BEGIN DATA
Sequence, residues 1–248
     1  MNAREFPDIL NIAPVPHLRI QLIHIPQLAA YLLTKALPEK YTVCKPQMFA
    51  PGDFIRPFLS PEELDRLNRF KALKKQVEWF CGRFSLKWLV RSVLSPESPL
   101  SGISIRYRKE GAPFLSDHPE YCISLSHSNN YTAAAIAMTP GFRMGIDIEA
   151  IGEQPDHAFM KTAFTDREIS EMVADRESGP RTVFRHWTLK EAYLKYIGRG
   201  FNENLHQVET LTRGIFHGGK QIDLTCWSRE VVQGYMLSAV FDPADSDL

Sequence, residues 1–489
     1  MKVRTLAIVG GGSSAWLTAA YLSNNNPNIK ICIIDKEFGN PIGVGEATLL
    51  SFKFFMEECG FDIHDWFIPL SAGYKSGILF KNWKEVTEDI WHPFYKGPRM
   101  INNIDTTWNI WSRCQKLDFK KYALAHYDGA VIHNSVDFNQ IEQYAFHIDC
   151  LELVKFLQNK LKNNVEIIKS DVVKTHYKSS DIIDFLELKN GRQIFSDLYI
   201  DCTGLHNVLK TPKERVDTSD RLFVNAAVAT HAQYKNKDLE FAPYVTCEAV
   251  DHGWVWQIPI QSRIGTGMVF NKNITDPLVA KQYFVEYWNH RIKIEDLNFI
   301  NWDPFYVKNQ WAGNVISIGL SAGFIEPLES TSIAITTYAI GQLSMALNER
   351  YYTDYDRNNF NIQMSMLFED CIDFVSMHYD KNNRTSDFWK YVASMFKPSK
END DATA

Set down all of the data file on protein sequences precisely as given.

Sequence, residues 1–248
     1  MNAREFPDIL NIAPVPHLRI QLIHIPQLAA YLLTKALPEK YTVCKPQMFA
    51  PGDFIRPFLS PEELDRLNRF KALKKQVEWF CGRFSLKWLV RSVLSPESPL
   101  SGISIRYRKE GAPFLSDHPE YCISLSHSNN YTAAAIAMTP GFRMGIDIEA
   151  IGEQPDHAFM KTAFTDREIS EMVADRESGP RTVFRHWTLK EAYLKYIGRG
   201  FNENLHQVET LTRGIFHGGK QIDLTCWSRE VVQGYMLSAV FDPADSDL

Sequence, residues 1–489
     1  MKVRTLAIVG GGSSAWLTAA YLSNNNPNIK ICIIDKEFGN PIGVGEATLL
    51  SFKFFMEECG FDIHDWFIPL SAGYKSGILF KNWKEVTEDI WHPFYKGPRM
   101  INNIDTTWNI WSRCQKLDFK KYALAHYDGA VIHNSVDFNQ IEQYAFHIDC
   151  LELVKFLQNK LKNNVEIIKS DVVKTHYKSS DIIDFLELKN GRQIFSDLYI
   201  DCTGLHNVLK TPKERVDTSD RLFVNAAVAT HAQYKNKDLE FAPYVTCEAV
   251  DHGWVWQIPI QSRIGTGMVF NKNITDPLVA KQYFVEYWNH RIKIEDLNFI
   301  NWDPFYVKNQ WAGNVISIGL SAGFIEPLES TSIAITTYAI GQLSMALNER
   351  YYTDYDRNNF NIQMSMLFED CIDFVSMHYD KNNRTSDFWK YVASMFKPSK